Aaron learned a lot about hops.  Sonia found some information on medieval hop plants.  She wrote:

Hops – National Germplasm Repository in Corvallis has Hops in their catalog (see:  They don’t have a specific listing of old, heirloom or antique varieties as the do in some other listings.  However, if you look through the whole list, there are some old varieties there.  In particular 4 that reference dating back to ‘middle ages’, and another 8 that reference being from old English, French, German, or Polish landraces.  See the list below for specific names.  They come from the list at

Middle Ages
‘Backa’ – Czechoslovakia
‘Chum 800′ – Czechoslovakia
‘Saazar 36′ – Czechoslovakia
‘Saazar 38′ – Czechoslovakia

Old –
‘Early Prolific’ – English
‘Early Promise’ – English
‘Elsasser’ – French
‘Precoce de Bourgogre’ – French
‘Hallertauer’ – German
‘Landhopfen’- German
‘Tettnanger’- German
‘Nadwislanska’- Polish

Of all these, the only one that is said to ship as cuttings (2, unrooted) is ‘Early Prolific’.  The rest will ship as tissue culture plantlets.  This means identifying someone who can grow them out from this stage to rooted plants.  I’m not sure who at UMass is equipped to do that, but I can find out.

It will take a while to grow these plants.  Aaron proposed we create a trellis for the hops.



Jennie’s blog gave us a through explanation about the importance of potage.  She wrote:

Harvey mentions a primary source by Andrew Boorde, “Dyetary of 1542“, in which states that pottage, NOT porridge, was most defiantly a primary food staple of England. Pottage has been commonly confused with the word and food porridge, but it is quite different.

It is no doubt that pottage, bread and ale were the three essentials of diet for most English men and women of the whole Middle Ages (Harvey)”.   Pottage, also called Porray or Sewe, is the what we might think of as a watered down savory/herbal soup, consisting of different herbs/plants, grown specifically for pottage. When we see the term “pottage herbs”, “porrets”, “porray plants”, or garden plots that list as such, it does not mean that these herbs were in pots, it means they are plants used for this daily preparation, so much so that entire areas of garden were sectioned off for them. Harvey states, that pottage was cooked over a fire in a metal pot, water or stock from meat, fish or poultry was added and then the “good pottagers” … “leaves of colewort (brassica oleracea), leeks (Allium porrum), peas (Pisum sativum), and broad beans (Vicia faba). The principal flavoring used was parsley and many cole plants..(Harvey).” As for the allium family, common onions, green onion, scallions, shallots and Chibols are mentioned being present in the late 1300′s.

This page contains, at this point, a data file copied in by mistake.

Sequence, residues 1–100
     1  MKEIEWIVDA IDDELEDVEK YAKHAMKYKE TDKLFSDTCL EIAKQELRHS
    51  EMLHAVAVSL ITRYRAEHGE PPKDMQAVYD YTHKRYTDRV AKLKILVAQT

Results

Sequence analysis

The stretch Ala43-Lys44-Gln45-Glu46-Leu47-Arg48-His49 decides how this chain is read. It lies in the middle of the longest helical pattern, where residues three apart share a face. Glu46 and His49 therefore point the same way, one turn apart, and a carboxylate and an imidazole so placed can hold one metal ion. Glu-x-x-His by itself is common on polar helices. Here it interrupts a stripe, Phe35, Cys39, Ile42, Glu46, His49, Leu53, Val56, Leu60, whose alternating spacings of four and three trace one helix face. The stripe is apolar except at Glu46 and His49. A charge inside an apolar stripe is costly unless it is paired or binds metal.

Another blog post  from Jennie lists other important plants.  She wrote:

Some major plants include: *Strawberry(leaves for medicine) Pear, fennel, cucumber, parsnip/skerrits, muske melon,* hazel nut, *wall nut, *chestnut, mulberry, manured vine grapes, cabbages, turnip, mushroom varieties, peach, elder, white onion, common asparagus,* cultivated flax, hedge garlic, hops, *chickpea/garbonzo, narrow leaved parsnip, licorice, common speedwell, rutabaga/red beet/rampion(wild),*dinkel wheat/spelt, mints, but not peppermint. *=sources of higher protein.

In 1543, Leonard Fushs listed common foods such as: lettuce, including curly leaf, head lettuce and cabbage, different from today’s cultivates. Other common foods of the time, some used medicinally include *quince- said to be nourishing to unborn children, *fava/broad bean, safflower, five species of  kale and cabbage, spinach, three kinds of carrots including yellow,cucumber, pumpkin, melon, squirting cucumber, *garden bean/french or kidney, garlic, celery, parsnip, common fig, rye, globe artichoke, spinach beet, field pansy, *lentil,common onion, broad leafed pepperwort, black cumin, mulberries,  new to the area was aubergine or eggplant(not yet medicinal), peach, wheat, radish/horseradish,strawberry…